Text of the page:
Technology also plays an important role in the fast casual industry. 25% of fast casual diners say that technology options are an important factor in their choice of restaurant, according to the National Restaurant Association.
From Starbucks to Panera, chains are embracing mobile ordering and in-store pickup to attract a busier, millennial audience. Meanwhile, Burger King and Chipotle have dedicated drive-thru lanes for online orders. Chipotle’s online drive-thru pickup service, named “Chipotlanes,” was so popular with consumers that the retailer reported an increase in online orders of more than 65% in a single quarter in 2019, representing almost 13% of the chain’s overall sales.
Many restaurants are now offering menus via QR codes, in-app table service, and other technology-centric options for diners. Self-service kiosks, like those at Subway and McDonald’s, are beginning to emerge at fast casual locations as well. Ashely Morris, CEO of Capriotti’s Sandwich Shop, predicts widescale adoption of such technology in the front- and back-of-house in the long term.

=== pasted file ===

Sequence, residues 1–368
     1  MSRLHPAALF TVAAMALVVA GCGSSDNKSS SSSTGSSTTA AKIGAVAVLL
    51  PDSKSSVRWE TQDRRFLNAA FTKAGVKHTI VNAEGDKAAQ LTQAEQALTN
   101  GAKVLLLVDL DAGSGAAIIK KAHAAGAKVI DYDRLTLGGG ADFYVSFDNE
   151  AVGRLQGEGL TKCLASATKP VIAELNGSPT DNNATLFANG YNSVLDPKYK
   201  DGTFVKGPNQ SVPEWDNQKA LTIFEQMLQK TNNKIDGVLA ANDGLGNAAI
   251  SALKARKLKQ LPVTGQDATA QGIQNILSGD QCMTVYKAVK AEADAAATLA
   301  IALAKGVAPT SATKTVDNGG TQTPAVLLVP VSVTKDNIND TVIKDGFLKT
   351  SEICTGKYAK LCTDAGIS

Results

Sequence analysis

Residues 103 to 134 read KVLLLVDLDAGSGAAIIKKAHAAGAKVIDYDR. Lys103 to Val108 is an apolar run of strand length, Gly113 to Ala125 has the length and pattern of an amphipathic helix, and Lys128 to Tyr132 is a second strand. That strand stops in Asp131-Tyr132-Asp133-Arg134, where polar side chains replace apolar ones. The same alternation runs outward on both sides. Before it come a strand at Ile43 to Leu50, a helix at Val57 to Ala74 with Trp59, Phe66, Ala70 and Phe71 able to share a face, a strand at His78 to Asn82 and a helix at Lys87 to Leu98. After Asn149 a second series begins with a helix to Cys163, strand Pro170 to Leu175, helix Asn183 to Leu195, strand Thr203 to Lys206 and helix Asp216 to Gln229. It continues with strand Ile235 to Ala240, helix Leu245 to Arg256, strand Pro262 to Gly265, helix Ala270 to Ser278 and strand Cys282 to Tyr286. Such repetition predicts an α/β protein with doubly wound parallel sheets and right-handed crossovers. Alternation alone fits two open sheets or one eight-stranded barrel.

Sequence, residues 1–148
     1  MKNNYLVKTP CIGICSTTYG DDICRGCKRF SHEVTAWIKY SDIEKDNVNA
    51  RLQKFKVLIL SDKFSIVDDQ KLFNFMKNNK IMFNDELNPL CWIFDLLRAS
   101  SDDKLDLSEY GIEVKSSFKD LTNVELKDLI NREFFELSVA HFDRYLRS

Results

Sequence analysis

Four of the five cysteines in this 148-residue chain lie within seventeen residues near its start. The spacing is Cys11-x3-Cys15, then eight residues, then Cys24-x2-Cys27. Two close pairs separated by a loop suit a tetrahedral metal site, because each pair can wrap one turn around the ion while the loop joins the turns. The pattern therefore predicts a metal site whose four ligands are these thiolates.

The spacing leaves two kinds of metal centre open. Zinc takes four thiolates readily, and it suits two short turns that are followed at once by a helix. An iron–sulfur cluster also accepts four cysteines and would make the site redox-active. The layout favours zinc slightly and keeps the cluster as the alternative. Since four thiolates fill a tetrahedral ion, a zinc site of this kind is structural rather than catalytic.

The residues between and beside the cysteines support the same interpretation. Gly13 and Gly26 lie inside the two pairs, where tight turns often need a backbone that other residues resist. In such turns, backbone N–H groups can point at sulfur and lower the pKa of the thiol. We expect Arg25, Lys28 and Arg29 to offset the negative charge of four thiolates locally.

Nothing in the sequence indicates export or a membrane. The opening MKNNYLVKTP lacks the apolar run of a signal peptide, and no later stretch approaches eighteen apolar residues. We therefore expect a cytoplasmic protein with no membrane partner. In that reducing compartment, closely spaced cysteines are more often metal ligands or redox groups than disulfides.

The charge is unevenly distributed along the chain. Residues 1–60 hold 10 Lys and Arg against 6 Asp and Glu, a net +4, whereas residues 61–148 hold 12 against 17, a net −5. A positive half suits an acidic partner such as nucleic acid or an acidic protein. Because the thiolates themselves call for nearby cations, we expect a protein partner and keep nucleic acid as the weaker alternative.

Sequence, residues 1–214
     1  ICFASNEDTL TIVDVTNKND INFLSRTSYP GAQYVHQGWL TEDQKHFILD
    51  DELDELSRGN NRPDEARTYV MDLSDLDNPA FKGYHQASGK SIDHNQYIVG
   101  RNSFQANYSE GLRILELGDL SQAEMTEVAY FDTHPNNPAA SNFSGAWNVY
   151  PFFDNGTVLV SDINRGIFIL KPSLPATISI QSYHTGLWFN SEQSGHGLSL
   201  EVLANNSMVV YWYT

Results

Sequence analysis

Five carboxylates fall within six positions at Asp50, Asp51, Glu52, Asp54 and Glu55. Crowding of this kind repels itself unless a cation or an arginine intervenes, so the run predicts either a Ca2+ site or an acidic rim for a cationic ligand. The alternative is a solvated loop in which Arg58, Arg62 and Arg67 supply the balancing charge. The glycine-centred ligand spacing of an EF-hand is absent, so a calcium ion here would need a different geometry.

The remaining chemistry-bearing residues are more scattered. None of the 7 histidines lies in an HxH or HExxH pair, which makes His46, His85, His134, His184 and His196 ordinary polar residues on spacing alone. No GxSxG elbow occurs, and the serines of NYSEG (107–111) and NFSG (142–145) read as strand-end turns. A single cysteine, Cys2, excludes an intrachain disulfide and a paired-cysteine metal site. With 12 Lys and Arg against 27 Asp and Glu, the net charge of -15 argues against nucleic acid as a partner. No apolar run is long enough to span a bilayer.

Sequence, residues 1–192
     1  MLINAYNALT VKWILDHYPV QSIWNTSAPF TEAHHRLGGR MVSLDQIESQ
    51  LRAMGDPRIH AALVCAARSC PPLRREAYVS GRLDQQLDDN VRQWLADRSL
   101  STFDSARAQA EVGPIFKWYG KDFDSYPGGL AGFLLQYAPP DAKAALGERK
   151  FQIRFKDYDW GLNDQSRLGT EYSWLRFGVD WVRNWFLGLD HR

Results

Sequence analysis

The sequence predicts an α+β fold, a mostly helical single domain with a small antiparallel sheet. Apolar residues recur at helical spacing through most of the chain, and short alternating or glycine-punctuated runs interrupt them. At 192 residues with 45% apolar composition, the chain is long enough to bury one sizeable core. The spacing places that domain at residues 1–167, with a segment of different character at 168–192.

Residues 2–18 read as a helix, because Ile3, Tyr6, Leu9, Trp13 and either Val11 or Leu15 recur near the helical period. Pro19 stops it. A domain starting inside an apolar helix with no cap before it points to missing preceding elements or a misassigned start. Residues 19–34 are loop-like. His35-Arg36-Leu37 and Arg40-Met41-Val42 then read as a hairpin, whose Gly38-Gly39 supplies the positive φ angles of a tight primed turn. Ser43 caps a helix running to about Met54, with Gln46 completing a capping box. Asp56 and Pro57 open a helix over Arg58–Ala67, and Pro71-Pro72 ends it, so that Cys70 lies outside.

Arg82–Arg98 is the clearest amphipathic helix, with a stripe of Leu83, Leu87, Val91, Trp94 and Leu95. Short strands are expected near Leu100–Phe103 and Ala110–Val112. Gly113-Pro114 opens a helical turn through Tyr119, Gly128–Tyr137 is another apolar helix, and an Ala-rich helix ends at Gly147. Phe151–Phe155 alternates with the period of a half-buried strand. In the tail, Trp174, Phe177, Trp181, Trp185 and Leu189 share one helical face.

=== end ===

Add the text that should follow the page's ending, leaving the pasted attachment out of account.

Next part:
However, more traditional casual dining may get a boost as more millennials have children. Designed for longer sit-down meals rather than grab-and-go cuisine, these kinds of restaurants serve the need for a “third-space” restaurant — a place where parents can go with kids to unwind without being hurried out the door.
A challenge for the fast casual dining restaurants of tomorrow will be building establishments that can be equally family- and kid-friendly without sacrificing the key factors that make them appealing to millennials today.
5. Coffee industry
MILLENNIALS LOVE COFFEE — AND THEY’RE WILLING TO PAY MORE FOR GOURMET PRODUCTS
Like Generation X and the baby boomers before them, millennials drink a lot of coffee. They also started drinking coffee much younger — on average, around 15 years old. After several years of declining sales among most age groups, millennial consumers are the vanguard of a resurgence in the coffee industry. Today they account for approximately 44% of the beverage’s demand in the US.
But while millennials’ coffee consumption isn’t slowing, it is changing.
Instead of store-bought and pre-packaged coffee, millennials are seeking out cold brew and other specially prepared beverages, as well as ethically sourced, sustainable, and gourmet products.
Many millennial consumers are looking beyond older, legacy coffee brands to blends from boutique “third-wave” coffee roasters. Recent data shows that 70% of past-day coffee consumed by millennials is considered “gourmet.”